- Page 1Sony VPL-VW550ES
- Page 2 Performance and Verdict
- Incredibly detailed and crisp 4K pictures
- Good HDR flexibility
- HLG support
- Slightly noisy in HDR-friendly high lamp mode
- Doesn't auto-switch to high lamp mode when it receives HDR
- Some silhouetting in HDR mode
- Review Price: £8999.00
- Native 4K SXRD projector
- HDR compatible, including HLG
- 1,800 lumens brightness
- 350,000:1 claimed contrast ratio
- 3D playback
What is the Sony VPL-VW550ES?
While other projector brands still can’t get their native 4K act together, the VPL-VW550ES represents Sony’s third generation of 4K projectors.
It benefits considerably from that experience in terms of both the level of picture quality it achieves, and in the way it takes a more pragmatic approach to that trickiest of projector subjects: HDR (high dynamic range) playback.
Add in support – for the first time on a projector – for the upcoming Hybrid Log Gamma HDR system, and the VW550ES just about makes its £9,000 asking price look like a bargain.
Related: Best 4K TVs round up
Sony VPL-VW550ES – Design and Build
The VW550ES looks pretty much identical to its VW520ES predecessor. So, to my eyes, it resembles a squashed Darth Vader helmet with its vaguely elliptical shape and large grilles to either side.
There’s the same unusually robust metallic feel to the finish too, and your eye is still caught by the promisingly large, centrally mounted and recessed lens. Especially as this lens is surrounded by some fetching shiny gold strips angling in towards it.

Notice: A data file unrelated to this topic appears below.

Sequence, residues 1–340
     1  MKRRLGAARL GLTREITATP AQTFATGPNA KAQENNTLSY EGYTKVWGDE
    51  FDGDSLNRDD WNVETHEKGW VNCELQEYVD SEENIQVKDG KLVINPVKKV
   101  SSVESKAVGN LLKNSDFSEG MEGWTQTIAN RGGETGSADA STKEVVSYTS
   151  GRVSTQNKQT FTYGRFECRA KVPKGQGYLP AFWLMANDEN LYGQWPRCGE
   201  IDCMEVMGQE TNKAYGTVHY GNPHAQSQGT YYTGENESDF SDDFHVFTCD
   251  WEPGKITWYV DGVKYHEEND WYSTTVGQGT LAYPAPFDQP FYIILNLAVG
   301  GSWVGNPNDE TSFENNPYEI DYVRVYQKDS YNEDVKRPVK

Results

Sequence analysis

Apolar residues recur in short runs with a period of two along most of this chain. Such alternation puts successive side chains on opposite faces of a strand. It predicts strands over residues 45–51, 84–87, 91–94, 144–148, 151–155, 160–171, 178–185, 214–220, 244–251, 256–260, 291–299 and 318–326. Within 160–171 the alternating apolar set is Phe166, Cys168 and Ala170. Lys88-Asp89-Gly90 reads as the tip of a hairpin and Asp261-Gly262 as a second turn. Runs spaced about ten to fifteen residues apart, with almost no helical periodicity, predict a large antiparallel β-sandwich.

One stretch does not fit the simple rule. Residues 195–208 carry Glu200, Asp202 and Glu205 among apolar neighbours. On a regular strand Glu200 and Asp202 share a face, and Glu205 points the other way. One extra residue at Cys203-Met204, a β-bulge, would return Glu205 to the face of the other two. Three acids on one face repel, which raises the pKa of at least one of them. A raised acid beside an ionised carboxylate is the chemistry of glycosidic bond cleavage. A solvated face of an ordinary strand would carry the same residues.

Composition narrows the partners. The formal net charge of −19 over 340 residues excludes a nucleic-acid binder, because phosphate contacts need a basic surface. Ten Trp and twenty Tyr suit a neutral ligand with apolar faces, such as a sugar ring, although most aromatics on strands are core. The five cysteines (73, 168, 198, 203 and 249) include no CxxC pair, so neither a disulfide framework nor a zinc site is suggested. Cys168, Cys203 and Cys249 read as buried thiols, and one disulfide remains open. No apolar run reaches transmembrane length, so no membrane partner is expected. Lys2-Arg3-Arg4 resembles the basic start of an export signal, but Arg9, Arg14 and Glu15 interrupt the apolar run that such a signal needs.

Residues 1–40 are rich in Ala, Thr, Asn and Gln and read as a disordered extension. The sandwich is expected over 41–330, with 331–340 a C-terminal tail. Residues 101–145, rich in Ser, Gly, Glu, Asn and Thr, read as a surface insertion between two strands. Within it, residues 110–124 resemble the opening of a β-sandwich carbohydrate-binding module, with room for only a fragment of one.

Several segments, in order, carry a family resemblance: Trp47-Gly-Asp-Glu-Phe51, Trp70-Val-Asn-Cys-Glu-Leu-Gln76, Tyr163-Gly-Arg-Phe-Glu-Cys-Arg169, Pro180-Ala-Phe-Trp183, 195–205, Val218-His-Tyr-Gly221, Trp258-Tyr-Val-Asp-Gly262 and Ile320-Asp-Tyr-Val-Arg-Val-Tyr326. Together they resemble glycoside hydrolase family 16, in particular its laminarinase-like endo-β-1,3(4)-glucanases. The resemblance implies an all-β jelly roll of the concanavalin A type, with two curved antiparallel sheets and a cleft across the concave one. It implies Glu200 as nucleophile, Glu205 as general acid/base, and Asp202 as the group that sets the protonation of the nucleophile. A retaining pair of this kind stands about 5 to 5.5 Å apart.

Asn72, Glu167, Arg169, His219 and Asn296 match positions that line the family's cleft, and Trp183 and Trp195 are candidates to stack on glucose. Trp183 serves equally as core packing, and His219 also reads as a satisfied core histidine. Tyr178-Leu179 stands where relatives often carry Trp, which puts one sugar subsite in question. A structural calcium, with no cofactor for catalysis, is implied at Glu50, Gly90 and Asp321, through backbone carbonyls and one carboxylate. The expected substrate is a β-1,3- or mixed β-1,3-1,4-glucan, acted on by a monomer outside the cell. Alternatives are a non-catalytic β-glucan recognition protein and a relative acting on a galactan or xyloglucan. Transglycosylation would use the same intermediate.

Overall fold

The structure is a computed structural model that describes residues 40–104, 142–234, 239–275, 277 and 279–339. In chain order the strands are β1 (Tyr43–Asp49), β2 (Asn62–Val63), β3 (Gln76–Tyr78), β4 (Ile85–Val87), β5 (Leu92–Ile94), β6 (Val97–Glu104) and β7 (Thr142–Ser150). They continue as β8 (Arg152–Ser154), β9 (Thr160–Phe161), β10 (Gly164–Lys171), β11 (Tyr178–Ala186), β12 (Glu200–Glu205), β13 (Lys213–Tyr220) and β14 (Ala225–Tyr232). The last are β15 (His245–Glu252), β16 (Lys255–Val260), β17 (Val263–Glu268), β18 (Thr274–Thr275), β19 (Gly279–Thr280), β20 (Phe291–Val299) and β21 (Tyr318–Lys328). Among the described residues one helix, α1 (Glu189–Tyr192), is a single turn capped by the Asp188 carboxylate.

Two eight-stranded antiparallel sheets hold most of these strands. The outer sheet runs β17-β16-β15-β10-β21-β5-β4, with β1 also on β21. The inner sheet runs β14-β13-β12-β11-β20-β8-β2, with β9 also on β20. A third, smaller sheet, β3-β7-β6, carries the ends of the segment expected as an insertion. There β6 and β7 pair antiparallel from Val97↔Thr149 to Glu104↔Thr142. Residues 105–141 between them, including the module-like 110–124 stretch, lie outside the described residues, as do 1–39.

At 495.6(w) x 195.3(h) x 463.6(d)mm and 14kg, the VW550ES is a hefty beast for a domestic projector, underlining the point already raised by its £9,000 price that it’s not a casual projector. This is a serious home cinema machine best installed permanently in a dedicated home cinema room.
The only significant design difference between the VW550ES and its predecessor is that it’s available in two colour options: white and black.
The VW550ES’s remote control is exceptionally effective. It’s backlit, making it easy to use in a dark room, and its buttons are ergonomically spaced out and well organised.
Sony VPL-VW550ES – Setup
Motorised lens adjustments via the remote provide loads of focus, zoom and vertical/horizontal image shift flexibility. The motorised lens adjustments are sensitive enough to allow impressively precise adjustments, too.
One of the biggest changes Sony has introduced with the VW550ES is more control over the way HDR pictures look. For starters, there’s now an HDR contrast mode with 100 different settings, so you can find a setting that gives a balance between brightness and contrast that suits your tastes. There’s also a new Contrast Enhancer mode that tries to automatically optimise brightness by continually assessing the incoming picture.
I settled on leaving the Contrast Enhancer on low and HDR contrast on 72, a bit higher than the default 60 value. But don’t feel you need to follow my settings – the main point here is how good it feels to have so much flexibility on hand to support different image tastes.